The Pixies never struck me as a studio band. Frank Black's songs work because of the pop hooks buried inside his noisy compositions, and you'd expect that to translate onstage.
But on the first night of their trio of Portland dates, I longed for the studio versions. The loud-quiet-loud dynamic that make the Pixies material work was underplayed, instead leaving a monotonous and muddy punk show, without the youthful exuberance that makes punk shows work.
The problem? A big part of it is new bassist Paz Lenchantin, a very competent player who nonetheless lacks Kim Deal's innate feel for the rhythms that drive Black's songs. She's more than capable of playing the notes, but couldn't seem to find the grooves. Another problem was the nature of a three-night stand, which meant that the first night's set was short on the hits, with duds like "Crackity Jones," "Cactus" and "Brick Is Red" all making appearances.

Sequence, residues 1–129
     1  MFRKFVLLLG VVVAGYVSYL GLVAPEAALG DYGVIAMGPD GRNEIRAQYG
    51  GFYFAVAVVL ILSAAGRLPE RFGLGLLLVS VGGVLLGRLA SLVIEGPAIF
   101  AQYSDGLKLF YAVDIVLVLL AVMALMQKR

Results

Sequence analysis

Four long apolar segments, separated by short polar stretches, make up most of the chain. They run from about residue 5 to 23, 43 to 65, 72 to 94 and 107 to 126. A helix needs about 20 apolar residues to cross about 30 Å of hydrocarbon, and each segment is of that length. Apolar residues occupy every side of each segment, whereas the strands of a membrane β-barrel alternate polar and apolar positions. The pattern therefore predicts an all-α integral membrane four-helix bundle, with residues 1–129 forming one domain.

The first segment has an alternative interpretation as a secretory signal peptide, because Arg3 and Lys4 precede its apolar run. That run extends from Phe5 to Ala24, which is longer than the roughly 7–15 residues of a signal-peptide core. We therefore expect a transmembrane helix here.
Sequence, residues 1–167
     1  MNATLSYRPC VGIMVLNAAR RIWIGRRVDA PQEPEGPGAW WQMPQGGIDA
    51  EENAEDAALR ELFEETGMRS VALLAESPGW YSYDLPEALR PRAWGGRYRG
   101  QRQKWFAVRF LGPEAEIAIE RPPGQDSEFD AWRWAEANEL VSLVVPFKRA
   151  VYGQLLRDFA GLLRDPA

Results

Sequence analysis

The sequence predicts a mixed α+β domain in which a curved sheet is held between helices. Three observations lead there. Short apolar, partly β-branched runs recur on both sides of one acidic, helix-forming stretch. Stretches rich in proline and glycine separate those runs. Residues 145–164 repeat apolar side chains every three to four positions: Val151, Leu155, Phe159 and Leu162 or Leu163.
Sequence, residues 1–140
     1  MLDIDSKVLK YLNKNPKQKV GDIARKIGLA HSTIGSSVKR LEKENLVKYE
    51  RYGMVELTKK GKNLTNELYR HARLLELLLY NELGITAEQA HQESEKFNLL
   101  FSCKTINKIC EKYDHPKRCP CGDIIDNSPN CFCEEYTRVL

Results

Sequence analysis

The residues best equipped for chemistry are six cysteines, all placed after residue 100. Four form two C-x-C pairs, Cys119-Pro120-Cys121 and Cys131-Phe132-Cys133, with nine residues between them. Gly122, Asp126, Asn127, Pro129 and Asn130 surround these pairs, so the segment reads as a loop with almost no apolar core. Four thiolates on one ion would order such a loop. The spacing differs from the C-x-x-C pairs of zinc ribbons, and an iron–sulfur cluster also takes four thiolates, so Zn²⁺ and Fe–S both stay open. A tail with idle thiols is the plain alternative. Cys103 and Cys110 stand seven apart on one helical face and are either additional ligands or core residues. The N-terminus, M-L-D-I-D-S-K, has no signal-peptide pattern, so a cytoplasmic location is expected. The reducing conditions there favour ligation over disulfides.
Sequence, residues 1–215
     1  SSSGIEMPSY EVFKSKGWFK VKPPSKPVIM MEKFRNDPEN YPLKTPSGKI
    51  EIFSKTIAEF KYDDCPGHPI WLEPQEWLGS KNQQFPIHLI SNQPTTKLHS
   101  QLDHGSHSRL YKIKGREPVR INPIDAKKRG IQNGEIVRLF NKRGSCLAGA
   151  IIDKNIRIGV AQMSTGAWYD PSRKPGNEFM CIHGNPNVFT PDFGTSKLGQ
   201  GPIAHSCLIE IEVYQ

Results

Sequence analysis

And then there's the rhythm of the show, which is unnatural because of Black's longstanding reluctance to provide any banter between songs, instead just charging through 30 songs as though he's racing to finish his chores. Black's band played both versions of "Wave of Mutilation," opening with the original and playing the slowed-down "U.K. Surf" version toward the end of the night. The effect didn't work for me—with the muddy sound and lack of interaction with the crowd, the second take just felt like a deflated version of the first.
See Related: Six Songs That Prove Weezer Is Better Than the Pixies.
All photos by Henry Cromett.